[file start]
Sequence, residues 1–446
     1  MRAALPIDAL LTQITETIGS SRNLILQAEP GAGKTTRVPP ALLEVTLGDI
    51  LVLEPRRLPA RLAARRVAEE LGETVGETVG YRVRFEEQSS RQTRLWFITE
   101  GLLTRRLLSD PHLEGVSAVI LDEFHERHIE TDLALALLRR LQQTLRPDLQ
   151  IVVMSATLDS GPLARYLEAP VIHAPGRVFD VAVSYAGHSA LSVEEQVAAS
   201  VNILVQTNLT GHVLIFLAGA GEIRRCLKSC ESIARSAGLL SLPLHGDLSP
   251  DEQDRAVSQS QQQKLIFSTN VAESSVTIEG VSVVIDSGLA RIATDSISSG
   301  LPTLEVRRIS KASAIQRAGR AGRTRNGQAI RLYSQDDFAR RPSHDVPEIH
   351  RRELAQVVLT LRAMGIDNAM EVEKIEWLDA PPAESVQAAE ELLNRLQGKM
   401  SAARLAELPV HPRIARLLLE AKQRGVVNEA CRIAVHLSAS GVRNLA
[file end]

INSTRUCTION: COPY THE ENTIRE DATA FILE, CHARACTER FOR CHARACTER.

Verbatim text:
Sequence, residues 1–446
     1  MRAALPIDAL LTQITETIGS SRNLILQAEP GAGKTTRVPP ALLEVTLGDI
    51  LVLEPRRLPA RLAARRVAEE LGETVGETVG YRVRFEEQSS RQTRLWFITE
   101  GLLTRRLLSD PHLEGVSAVI LDEFHERHIE TDLALALLRR LQQTLRPDLQ
   151  IVVMSATLDS GPLARYLEAP VIHAPGRVFD VAVSYAGHSA LSVEEQVAAS
   201  VNILVQTNLT GHVLIFLAGA GEIRRCLKSC ESIARSAGLL SLPLHGDLSP
   251  DEQDRAVSQS QQQKLIFSTN VAESSVTIEG VSVVIDSGLA RIATDSISSG
   301  LPTLEVRRIS KASAIQRAGR AGRTRNGQAI RLYSQDDFAR RPSHDVPEIH
   351  RRELAQVVLT LRAMGIDNAM EVEKIEWLDA PPAESVQAAE ELLNRLQGKM
   401  SAARLAELPV HPRIARLLLE AKQRGVVNEA CRIAVHLSAS GVRNLA